One would think that the Minnesota Vikings had narrowly lost their fifth Super Bowl--their first since 1977--the way the Vikings' owners and some members of the local media are congratulating Vikings' head coach Brad Childress on the "progress" that the team made this year.
"We like where we are," Vikings' owner Zygi Wilf monotoned to mostly adoring interviewers. "We've improved each year and now we are NFC North Division Champions." Zygi slipped in stating that fans should appreciate the feeling as it is an evanescent one, but few, if any in the adoring assembly seemed to notice.
Instead, the fixation was on winning a division championship. That is what fans now are being told they should consider a sign of progress--that and moving from a 6-10 record, to an 8-8 record, to a 10-6 record this year.
On paper, without further evidence, the line seems logical. The Vikings have improved by two games in each of the past two seasons under Childress. And this year, for the first time ever, the Vikings won the NFC North.
Details, as always, offer a different version of the truth.
In 2006, Childress inherited a team that finished 9-7 the previous season under then head coach Mike Tice. In his inaugural season, Childress took Tice's final team, added free agents Chester Taylor, Steve Hutchinson, Ben Leber, and Ryan Longwell and rookies Chad Greenway, Cedric Griffin, Ryan Cook, and Tarvaris Jackson. Childress also welcomed back from injury center Matt Birk.
In 2007, the Vikings added free agents Bobby Wade and Visanthe Shiancoe and rookies Adrian Peterson, Sidney Rice, Brian Robison, Marcus McCauley, Aundrae Allison, and Tyler Thigpen.
In 2008, the Vikings added free agents Jared Allen, Madieu Williams, and Bernard Berrian.
In 2006, the Vikings finished with the 26th best record in the NFL, down from 16th best record in the NFL in 2005.
In 2007, the Vikings' 8-8 record left them with the 16th best record in the NFL, an improvement over the 26th best record and back to where the team was in comparison to the rest of the league in 2005.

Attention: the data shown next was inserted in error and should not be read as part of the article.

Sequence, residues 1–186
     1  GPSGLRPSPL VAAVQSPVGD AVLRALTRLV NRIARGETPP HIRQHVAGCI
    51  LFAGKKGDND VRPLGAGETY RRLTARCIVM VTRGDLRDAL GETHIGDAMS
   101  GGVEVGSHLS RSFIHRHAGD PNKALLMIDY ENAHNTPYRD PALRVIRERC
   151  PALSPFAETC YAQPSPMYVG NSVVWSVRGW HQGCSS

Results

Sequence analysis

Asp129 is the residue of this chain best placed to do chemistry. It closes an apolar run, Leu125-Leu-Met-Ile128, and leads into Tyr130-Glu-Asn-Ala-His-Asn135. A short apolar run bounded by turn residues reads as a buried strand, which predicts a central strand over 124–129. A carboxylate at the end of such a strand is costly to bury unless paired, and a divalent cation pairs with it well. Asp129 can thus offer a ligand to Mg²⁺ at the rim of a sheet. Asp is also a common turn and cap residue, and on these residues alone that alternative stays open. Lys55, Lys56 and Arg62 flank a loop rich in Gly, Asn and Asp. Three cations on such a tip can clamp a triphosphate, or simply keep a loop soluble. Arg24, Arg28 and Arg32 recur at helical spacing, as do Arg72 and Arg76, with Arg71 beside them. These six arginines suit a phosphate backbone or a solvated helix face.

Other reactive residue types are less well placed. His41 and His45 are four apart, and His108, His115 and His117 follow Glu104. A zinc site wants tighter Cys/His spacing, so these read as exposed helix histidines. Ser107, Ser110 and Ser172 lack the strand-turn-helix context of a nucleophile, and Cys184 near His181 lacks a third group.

In no season since Childress' arrival in Minnesota have the Vikings lost a single free agent of note--a remarkable stroke of fortune about which virtually no other NFL team can brag, not even the Detroit Lions. That, along with the upgrade in talent at numerous key spots, suggested improvement if only by virtue of the upgrade in talent.
This year, the Vikings' 10-6 regular-season record left them with the 10th best overall record in the league. But the Vikings' loss in the first round of the playoffs to the team with the 11th best record in the league, and Arizona's and San Diego's survival, coupled with first-round losses by teams that proved themselves better than Minnesota during the regular season provide a valid case for arguing that Minnesota had, at best, the 13th best team in the NFL in 2008.
That's still progress, just not on par with the hyperbole that now eminates from Vikings' headquarters and from out of the mouths of some of the local Vikings' cheerleaders.
And it does raise the question whether, given the talent added to the squad and the comparatively and increasingly light schedules that the Vikings have encountered in Childress' first three seasons in Minnesota, any other coach would have done any worse than Childress has done? In other words, assuming improvement, have the Vikings improved because of Childress or in spite of him?
Bad Call Explanation of the Week:
Explaining why he declined to accept a holding penalty on a first-quarter drive that would have moved the Philadelphia Eagles into questionable field-goal range from clear field-goal range, Vikings' head coach Brad Childress stated that his special teams coach had informed him that Eagles' field-goal kicker David Akers would have hit from 53 anyway, having hit from 60 in warm-ups, that there was no certainty of stopping the Eagles on what would have been 3rd and 17, "given that the Eagles had been moving the ball."
For the season, Akers was 2-5 from 50 yards or more and 8-10 from 40-49 yards. If you're going to rely on statistics to justify your decision, then you ought to rely on them in making your decision. 80% versus 40% seems to suggest taking the penalty. Then there is the fact that, contrary to Childress' contention, the Eagles had not "been moving the ball well." On their first drive, the Eagles moved the ball 22 yards before punting. On the second drive, the one that led to the gifted field goal, the Eagles moved the ball a total of one yard before kicking the field goal. The only reason the Eagles were in field-goal range was because Paul Ferraro, the guy who counseled Childress on whether to accept the holding penalty, again saw his special teams unit blow up, allowing a 62-yard punt return to DeSean Jackson.
Up Next: Decisions.